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Indiana Historical Bureau

Christmas (Noel) Dagenet - Footnote 9 Christmas (Noel) Dagenet - Footnote 9

Christmas (Noel) Dagenet (1) Historical Marker
(61.2004.1)

Footnote 9

Dagenet employed in the last removal of Miamis from Indiana beginning 1846.

Sources have been located to document only the limited statement in the text. "Removal Contractors Miami Claim," Ewing Collection, Manuscript Section, Indiana State Library. The actual removal of the Miamis began October 6, 1846.

Sources have been located to document only the limited statement in the text. "Removal Contractors Miami Claim," Ewing Collection, Manuscript Section, Indiana State Library. The actual removal of the Miamis began October 6, 1846. Quoted from the document above is the following entry:

Abstract of Expenses incurred by the Contracts of the Miami emigration from 28th June to 6th Oct 1846

…………………..

Salary of A Coquillard at $100 per mo. 325

do to Jas P. Edsall $50 per mo. 163

do to Jno Grant $50 per mo. 163

do to C. Dagenet $25 per mo. 84

do to Maj. Sinclear @ $2000 per an 708.32

 

Travelling expenses of A Coquillard@ $1 per day 100.00

do Maj Sinclear @ $1 per day 117.00

do J. P Edsall @ $1 per day 100.00

do Jno Grant @ $1 per day 100.00

do C. Dagenet @ $1 per day 100.00

Clearly Dagenet is not in charge, based on the salaries.

Beckwith (133-34) states that the last of the Miamis to move west were the Mississinewa band of about 350 people under charge of Christmas Dagenet. They left in the fall of 1846 on canal boats to Cincinnati, then were put on a steamboat to Westport, near Kansas City. no evidence has been located to substantiate the claim that dagenet was in charge.Beckwith (133-34) states that the last of the Miamis to move west were the Mississinewa band of about 350 people under charge of Christmas Dagenet. They left in the fall of 1846 on canal boats to Cincinnati, then were put on a steamboat to Westport, near Kansas City. no evidence has been located to substantiate the claim that dagenet was in charge.

Beckwith (133-34) states that the last of the Miamis to move west were the Mississinewa band of about 350 people under charge of Christmas Dagenet. They left in the fall of 1846 on canal boats to Cincinnati, then were put on a steamboat to Westport, near Kansas City. no evidence has been located to substantiate the claim that dagenet was in charge.

According to Trennert "For a time it looked as if Allen Hamilton would again assume the office [Miami Subagency] and be placed in charge of the Miami removal. . . . the administration, on June 5, 1845, named Joseph Sinclear to replace Milroy and to superintend the Miami relocation." Robert A. Trennert, Jr., Indian Traders on the Middle Border: The House of Ewing, 1827-54 (Lincoln, Neb., 1981), 122.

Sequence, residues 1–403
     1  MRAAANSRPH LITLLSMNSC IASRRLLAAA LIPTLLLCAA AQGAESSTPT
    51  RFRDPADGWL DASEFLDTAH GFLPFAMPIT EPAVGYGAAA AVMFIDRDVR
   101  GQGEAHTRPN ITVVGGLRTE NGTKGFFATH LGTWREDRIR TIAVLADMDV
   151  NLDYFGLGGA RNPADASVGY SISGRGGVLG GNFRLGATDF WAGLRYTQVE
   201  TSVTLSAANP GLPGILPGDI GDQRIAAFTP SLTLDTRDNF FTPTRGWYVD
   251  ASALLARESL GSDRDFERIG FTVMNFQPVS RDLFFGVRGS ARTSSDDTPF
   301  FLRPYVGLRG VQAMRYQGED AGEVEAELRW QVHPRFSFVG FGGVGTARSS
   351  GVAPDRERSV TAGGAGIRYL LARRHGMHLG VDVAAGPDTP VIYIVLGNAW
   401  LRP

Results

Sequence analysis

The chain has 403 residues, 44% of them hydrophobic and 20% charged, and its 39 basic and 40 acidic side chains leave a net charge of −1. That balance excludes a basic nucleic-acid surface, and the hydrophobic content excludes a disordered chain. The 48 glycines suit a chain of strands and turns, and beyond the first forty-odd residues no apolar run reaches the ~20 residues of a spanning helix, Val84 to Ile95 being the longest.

According to Trennert "For a time it looked as if Allen Hamilton would again assume the office [Miami Subagency] and be placed in charge of the Miami removal. . . . the administration, on June 5, 1845, named Joseph Sinclear to replace Milroy and to superintend the Miami relocation." Robert A. Trennert, Jr., Indian Traders on the Middle Border: The House of Ewing, 1827-54 (Lincoln, Neb., 1981), 122.

According to Trennert "For a time it looked as if Allen Hamilton would again assume the office [Miami Subagency] and be placed in charge of the Miami removal. . . . the administration, on June 5, 1845, named Joseph Sinclear to replace Milroy and to superintend the Miami relocation." Robert A. Trennert, Jr., Indian Traders on the Middle Border: The House of Ewing, 1827-54 (Lincoln, Neb., 1981), 122.

Grant Foreman, The Last Trek of the Indians (Chicago, 1946), 128-129.

Grant Foreman, The Last Trek of the Indians (Chicago, 1946), 128-129.

These statements are based on primary sources. Grant Foreman, The Last Trek of the Indians (Chicago, 1946) 130, 132 also provides excellent information on the Miami removal in 1846, again based on primary sources.

These statements are based on primary sources. Grant Foreman, The Last Trek of the Indians (Chicago, 1946) 130, 132 also provides excellent information on the Miami removal in 1846, again based on primary sources.

Bureau staff also searched significant resources at the Indiana State Library (Ewing Collection, Allen Hamilton Collection, Tipton Papers, William Prince Collection, Miami Emigration microfilm) and the indexes of the Indiana Magazine of History.